Focusing on the liturgical rituals of baptizing, proclaiming, feasting, and commissioning as primary liturgical actions of the Christian community at prayer, we studied the following questions:

What is our experience of the life-giving waters of baptism?

How is baptism intimately linked to the celebration of Eucharist?

In what ways does the word of God work within us and prepare us for mission?

In what manner are the Liturgy of the Word and the Liturgy of the Eucharist connected?

How are we transformed at the eucharistic banquet?

As disciples of Christ, in what ways are we called to be the Body and Blood of Christ in the world?

How do we gather for prayers as a faith community?

How do we welcome the strangers in our midst?

The results of our discussions led us to focus on the primary symbols of worship: the font, the ambo, the altar table, and theassembly and how these symbols engage our spiritual imagination and active participation in the liturgical life of the church. Over time, the parish family of St. Mary's grew in spiritual awareness of the nature of these powerful liturgical symbols and how these symbols call forth their full, conscious, and active participation in the saving mission of Jesus Christ.

Using This Book

This book is for the primary ministers of liturgical celebrations: the baptized faithful. It is a pastoral resource intended to catechize each of the primary symbols of worship and how these symbols influence the community's call to active participation through theological and liturgical insights. The opening chapter offers a glimpse into the history of Roman Catholic Christian worship and the effects thereof of the liturgical renewal brought about by the Second Vatican Council. Chapter Two looks at the communal call to active participation rooted in the sacrament of baptism. In Chapter Three we examine the assembly's communal call to active participation, rooted in God's word. Chapter Four covers the community's call to active participation in the eucharistic banquet and mission work of Christ. In Chapter Five we continue with the important work of the assembly actively accepting the invitation to communal worship as the living Body of Christ. Chapter Six offers insight into how we claim nontraditional, temporary worship settings for full and active worship experiences. Discussion questions at the end of each chapter are useful for personal study and for parish gatherings, small groups, and families. Also included are guided meditations, which are experiential in nature and intended to enhance liturgical spirituality.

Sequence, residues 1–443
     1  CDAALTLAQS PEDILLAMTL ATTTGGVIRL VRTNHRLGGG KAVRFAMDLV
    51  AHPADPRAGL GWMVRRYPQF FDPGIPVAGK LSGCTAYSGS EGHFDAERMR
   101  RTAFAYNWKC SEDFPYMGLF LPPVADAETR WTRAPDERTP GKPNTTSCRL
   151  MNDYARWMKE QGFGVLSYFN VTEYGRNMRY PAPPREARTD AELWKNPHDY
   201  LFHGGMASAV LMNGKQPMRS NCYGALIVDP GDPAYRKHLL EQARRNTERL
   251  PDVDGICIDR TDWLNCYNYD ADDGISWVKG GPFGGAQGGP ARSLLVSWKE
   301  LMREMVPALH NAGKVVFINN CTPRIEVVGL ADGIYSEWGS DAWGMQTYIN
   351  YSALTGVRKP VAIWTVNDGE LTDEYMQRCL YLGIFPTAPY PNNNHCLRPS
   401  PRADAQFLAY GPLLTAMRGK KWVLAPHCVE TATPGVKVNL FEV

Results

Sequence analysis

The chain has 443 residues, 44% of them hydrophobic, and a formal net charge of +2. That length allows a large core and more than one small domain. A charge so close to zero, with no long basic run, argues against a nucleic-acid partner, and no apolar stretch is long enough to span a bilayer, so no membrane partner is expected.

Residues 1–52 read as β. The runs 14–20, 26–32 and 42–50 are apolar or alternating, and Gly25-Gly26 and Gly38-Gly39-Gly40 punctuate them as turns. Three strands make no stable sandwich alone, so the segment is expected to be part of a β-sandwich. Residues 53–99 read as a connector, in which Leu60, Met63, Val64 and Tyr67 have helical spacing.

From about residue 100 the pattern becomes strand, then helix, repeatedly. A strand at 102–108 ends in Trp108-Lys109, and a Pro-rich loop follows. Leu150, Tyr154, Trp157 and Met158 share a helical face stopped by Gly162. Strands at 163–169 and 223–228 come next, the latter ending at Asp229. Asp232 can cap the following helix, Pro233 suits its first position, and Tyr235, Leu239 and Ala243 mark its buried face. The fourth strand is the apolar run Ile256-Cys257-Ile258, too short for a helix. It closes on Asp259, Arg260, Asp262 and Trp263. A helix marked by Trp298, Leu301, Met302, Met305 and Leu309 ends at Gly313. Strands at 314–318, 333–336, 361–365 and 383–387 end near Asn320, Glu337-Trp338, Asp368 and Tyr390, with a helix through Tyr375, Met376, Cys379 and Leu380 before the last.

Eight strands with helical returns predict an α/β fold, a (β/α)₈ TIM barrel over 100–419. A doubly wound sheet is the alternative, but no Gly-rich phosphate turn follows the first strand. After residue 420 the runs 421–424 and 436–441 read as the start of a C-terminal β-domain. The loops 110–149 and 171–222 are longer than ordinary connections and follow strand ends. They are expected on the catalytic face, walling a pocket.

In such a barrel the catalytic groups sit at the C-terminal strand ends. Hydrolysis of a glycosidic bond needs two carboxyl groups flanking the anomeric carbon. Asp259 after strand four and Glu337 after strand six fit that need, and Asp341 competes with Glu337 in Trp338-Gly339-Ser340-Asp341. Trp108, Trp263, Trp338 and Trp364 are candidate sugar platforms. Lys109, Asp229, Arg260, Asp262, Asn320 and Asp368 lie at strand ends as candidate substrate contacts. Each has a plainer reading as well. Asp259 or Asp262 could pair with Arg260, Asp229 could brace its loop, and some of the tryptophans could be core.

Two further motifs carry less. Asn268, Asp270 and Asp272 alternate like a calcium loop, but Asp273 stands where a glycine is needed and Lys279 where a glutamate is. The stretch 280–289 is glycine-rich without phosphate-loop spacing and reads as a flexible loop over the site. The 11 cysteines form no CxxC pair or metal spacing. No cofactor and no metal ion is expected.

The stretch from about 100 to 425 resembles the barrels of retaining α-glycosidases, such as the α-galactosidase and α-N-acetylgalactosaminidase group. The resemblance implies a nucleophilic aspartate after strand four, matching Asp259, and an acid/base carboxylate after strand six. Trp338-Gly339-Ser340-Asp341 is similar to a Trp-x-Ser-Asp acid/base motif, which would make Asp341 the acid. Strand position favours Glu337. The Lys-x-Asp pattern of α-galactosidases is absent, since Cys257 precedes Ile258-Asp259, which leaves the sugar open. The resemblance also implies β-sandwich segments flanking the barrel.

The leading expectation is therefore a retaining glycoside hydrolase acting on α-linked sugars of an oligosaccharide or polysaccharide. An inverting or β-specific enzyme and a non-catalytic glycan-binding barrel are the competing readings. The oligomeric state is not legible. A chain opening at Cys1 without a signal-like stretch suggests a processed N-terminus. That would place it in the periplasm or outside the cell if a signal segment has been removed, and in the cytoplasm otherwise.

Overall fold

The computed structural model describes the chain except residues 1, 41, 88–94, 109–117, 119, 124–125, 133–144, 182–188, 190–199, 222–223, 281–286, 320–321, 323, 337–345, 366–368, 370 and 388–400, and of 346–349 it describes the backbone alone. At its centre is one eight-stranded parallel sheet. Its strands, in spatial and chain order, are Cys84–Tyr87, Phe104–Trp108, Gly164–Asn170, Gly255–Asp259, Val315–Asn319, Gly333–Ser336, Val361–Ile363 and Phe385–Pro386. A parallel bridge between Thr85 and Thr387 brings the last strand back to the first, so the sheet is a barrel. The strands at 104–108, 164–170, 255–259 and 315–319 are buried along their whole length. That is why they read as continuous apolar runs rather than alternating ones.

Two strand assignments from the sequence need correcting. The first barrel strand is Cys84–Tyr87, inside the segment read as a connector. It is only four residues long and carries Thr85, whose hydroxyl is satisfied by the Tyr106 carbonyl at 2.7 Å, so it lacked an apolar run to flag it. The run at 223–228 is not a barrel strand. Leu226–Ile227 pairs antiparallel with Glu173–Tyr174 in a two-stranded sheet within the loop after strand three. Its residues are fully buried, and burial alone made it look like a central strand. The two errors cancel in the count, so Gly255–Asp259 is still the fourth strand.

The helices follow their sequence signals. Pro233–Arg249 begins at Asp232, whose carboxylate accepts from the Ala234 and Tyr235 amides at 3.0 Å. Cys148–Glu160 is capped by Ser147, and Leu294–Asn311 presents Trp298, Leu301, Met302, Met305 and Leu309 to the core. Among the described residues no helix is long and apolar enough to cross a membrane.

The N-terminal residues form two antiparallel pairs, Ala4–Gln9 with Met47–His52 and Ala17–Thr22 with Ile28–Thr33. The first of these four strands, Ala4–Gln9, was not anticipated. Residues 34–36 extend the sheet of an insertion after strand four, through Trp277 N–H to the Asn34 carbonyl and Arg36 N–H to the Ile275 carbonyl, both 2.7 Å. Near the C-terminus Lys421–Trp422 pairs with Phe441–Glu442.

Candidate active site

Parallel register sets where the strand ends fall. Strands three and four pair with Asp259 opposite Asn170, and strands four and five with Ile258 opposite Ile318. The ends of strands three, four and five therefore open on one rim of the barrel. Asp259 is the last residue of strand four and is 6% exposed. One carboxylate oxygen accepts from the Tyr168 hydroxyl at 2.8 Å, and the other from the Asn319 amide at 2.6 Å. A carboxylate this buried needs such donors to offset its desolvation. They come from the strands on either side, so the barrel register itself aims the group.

A Word of Thanks

I'd like to express my heartfelt gratitude to Reverend Thomas Paul, pastor of St. Mary of Gostyn Parish, for sharing his wisdom and knowledge and the people of St. Mary's, who taught me the true meaning of church and who have been a continual source of inspiration and support during this project. Most importantly, I am immensely grateful to my husband, Joe, and my two teenage children, Lauren and Joey, for their enduring love, patience, and understanding during the writing of this book.